I toss grain and bread to my geese and a couple of wild mallard hens join in. I have had a couple of wild mallards come in for chow time at each evening feed and I think they are the same hens that have been coming for a few years.. They hear me call “Sheep, sheep and Geese” and they fly in and join the sheep and geese for their share. They are not afraid of me and I know they are nesting so I toss them their share. They look at me and not in fear but in anticipation of the next piece of bread. Soon in a few weeks, I will see the hens with their brood in my ponds and watch with pride.
I also see that a couple of Canadian Geese might have taken up residence in the marsh pasture. It is quite secure in fencing as well as Emmy, the elderly guardian Arab who kills any coyotes on her watch. One such coyote is missing half of his tail when he thought he would go after her charges (lambs) a few years ago. I saw him after that, avoiding the pasture and his eyes looking suspiciously at the horses.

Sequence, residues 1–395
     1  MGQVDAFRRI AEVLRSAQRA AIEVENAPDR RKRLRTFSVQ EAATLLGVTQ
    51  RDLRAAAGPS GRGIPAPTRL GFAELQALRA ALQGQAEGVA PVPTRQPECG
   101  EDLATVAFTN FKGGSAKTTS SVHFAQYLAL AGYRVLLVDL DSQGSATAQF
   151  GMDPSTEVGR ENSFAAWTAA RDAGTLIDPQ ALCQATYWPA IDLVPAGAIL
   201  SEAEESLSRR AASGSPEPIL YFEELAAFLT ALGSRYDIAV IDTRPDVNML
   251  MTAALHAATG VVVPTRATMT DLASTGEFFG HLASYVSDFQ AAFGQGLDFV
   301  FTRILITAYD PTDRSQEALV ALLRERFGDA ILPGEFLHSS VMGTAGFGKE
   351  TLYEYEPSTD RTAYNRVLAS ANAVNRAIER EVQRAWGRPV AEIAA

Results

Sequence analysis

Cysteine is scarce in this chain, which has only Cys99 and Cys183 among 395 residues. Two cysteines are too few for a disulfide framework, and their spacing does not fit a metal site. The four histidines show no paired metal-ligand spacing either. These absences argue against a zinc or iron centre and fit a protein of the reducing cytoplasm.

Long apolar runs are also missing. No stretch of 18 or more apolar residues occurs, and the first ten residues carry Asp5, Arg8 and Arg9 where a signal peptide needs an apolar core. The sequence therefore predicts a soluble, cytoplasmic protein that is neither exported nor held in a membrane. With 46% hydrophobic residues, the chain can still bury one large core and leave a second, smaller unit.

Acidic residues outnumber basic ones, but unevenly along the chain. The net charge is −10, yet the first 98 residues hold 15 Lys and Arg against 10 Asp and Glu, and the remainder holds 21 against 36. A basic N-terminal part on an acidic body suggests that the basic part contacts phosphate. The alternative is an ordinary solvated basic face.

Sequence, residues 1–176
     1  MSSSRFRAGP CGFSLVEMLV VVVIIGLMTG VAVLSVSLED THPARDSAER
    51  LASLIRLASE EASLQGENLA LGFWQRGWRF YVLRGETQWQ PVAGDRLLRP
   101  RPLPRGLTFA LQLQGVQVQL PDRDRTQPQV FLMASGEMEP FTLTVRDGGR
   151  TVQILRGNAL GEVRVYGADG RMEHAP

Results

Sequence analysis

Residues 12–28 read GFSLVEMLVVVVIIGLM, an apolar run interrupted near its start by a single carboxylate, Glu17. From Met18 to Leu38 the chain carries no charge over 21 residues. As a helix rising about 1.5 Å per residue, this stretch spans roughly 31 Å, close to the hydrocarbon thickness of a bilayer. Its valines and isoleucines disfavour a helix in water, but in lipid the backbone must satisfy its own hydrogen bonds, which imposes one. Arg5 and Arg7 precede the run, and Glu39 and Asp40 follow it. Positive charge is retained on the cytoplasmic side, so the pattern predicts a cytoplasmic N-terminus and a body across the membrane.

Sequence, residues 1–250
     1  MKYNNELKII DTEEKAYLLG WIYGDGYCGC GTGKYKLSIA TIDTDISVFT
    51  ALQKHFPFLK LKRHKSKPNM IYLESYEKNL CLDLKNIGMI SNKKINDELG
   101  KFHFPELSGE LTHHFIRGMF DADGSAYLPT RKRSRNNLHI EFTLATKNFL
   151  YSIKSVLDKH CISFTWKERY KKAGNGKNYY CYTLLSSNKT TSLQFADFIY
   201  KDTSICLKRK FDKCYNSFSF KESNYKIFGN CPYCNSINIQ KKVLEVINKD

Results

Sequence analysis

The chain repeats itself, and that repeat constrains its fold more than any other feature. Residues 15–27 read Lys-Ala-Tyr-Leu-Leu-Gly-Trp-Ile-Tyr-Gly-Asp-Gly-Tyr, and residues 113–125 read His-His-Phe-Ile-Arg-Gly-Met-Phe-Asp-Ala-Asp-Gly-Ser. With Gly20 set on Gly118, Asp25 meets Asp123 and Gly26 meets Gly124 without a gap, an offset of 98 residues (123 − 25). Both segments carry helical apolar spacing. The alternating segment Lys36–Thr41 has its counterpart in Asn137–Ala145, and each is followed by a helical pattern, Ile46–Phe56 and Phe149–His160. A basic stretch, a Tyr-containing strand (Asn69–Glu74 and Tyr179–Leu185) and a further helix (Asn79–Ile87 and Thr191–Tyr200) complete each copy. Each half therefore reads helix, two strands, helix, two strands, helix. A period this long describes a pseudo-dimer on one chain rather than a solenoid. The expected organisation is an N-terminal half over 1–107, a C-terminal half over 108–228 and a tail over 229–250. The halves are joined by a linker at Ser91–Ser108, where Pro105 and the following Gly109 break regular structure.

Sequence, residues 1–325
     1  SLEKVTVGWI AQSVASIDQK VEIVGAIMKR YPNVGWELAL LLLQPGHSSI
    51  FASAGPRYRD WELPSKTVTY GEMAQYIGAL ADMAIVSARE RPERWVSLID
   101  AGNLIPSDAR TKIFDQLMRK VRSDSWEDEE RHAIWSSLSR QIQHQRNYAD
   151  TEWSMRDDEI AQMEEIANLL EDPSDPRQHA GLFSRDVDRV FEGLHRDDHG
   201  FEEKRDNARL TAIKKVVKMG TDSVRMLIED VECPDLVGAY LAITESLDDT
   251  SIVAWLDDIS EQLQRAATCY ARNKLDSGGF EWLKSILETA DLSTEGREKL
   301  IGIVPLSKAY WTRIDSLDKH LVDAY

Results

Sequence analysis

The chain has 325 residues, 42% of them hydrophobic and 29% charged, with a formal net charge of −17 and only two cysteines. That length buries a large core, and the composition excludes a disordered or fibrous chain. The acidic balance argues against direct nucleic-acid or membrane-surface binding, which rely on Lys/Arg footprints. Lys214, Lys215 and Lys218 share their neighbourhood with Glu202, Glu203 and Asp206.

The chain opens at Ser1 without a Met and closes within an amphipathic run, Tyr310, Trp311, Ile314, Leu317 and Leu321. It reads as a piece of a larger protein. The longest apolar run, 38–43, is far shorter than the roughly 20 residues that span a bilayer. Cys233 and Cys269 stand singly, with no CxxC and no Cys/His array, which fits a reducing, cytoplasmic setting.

Shearing went on without a hitch and we also sheared out new neighbor’s flock. We had an assembly line and it went quick. We also sheared the three Llamas and they were not happy about being sheared. Sharyn took the wool to make use of it and I hope she make some clever wool hats. I can’t knit or spin at all.